The Obama administration wants states to cutback on carbon emissions, but doing that has always been a thorny problem.
While carbon is a byproduct of almost everything we do, capturing and storing it is expensive. For years, the goal has been to figure out how to make that process cheaper, but more recent efforts take a different approach, with the focus shifting from storing carbon to using it.
On a recent spring morning, Karen Wawrousek led a tour of her lab at the Western Research Institute, on the outskirts of Laramie.
“The CAT process takes carbon dioxide, feeds that to bacteria and we use that to make biofuels,” Wawrousek explained, holding up a flask of off-white liquid, full of what are called chemoautotrophic (CAT) bacteria.
Exactly what strain of bacteria, Wawrousek declined to share because that information could be very valuable someday. If Wawrousek and her colleagues can demonstrate their process works, it would mean that instead of carbon emissions going up the smokestack at power plants, they could be captured and converted into biodiesel, which can be used in cars, trucks and trains.
“You’re using the carbon twice, basically, before you release it,” Wawrousek says.
If the biodiesel displaces conventional diesel, that should reduce the amount of carbon that ends up in the atmosphere, while at the same time, making capturing carbon much more attractive to utilities, like Tri-State Power and Generation.
“We need to have more options available to manage carbon. We think that carbon can be viewed not as a waste, but as an asset,” says Lee Boughey, a spokesman for Tri-State.
There are already hundreds of companies researching new ways to utilize carbon, but Tri-State would like to see even more. To that end, it’s sponsoring a competition focused on “carbon recycling” with a $10 million prize.
“What we’re really interested in is: what are the biological, catalytic, other processes that are available to be able to take carbon emissions, carbon dioxide, and turn that into products that people use every day?” Boughey says.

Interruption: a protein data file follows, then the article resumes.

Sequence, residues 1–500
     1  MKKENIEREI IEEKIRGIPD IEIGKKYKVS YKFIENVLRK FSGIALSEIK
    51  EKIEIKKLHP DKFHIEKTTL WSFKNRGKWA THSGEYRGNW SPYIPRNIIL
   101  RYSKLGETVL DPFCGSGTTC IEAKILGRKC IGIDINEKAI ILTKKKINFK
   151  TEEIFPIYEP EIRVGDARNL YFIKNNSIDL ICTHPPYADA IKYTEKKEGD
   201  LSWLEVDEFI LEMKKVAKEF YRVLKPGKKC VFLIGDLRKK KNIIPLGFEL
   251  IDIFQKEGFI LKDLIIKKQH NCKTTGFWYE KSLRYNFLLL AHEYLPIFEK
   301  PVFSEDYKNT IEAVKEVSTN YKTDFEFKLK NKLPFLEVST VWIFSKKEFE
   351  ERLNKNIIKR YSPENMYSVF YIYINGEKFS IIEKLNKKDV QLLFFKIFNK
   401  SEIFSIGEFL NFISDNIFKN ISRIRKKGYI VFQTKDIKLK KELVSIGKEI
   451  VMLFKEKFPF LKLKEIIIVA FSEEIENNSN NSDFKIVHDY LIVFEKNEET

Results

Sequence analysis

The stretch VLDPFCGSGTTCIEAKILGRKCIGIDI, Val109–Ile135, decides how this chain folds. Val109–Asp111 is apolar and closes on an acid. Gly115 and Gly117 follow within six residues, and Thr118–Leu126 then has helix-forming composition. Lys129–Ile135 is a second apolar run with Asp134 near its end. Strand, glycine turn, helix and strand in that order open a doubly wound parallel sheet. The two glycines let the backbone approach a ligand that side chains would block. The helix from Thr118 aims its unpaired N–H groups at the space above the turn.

Some might cringe at the idea of buying our way out of climate change, but he points out that cleaning up carbon for its own sake hasn’t worked: companies have never been interested in spending money to lock away carbon underground for the rest of eternity.
But the new “carbon utilization” market is attracting plenty of attention.
“There’s billions and billions, if not trillions, of dollars of market share to be had in this business,” says Chris Elrod, head of finance for the Norwegian power-plant company Sargas.
Sargas is currently working on a full-scale commercial plant along the Texas coast with built-in carbon capture. Elrod says the plant will capture more than 90 percent of its carbon emissions, which will then be sold to a nearby oil field. Pumped underground, carbon dioxide boosts oil production and, in the process, some of it gets trapped, effectively sequestering it.
“It’s not completely, sort of, energy neutral, but we think it’s actually a very efficient way to utilize energy,” Elrod says.
Exactly how efficient is an open debate. Capturing and re-using carbon — known as “carbon utilization” — is all the rage. At least when it comes to enhanced oil recovery, some projects might actually emit carbon than burn conventional fossil fuels. But Elrod says it’s a start.
“This is a bridge, this isn’t a global solution that’s going to be the sort of panacea here,” says Elrod. “This is actually something that’s going to get us to a future where we have low-carbon intensity power generation and efficient use of energy.”
Figuring out how to get across that bridge is a goal — and an experiment — that the world is counting on.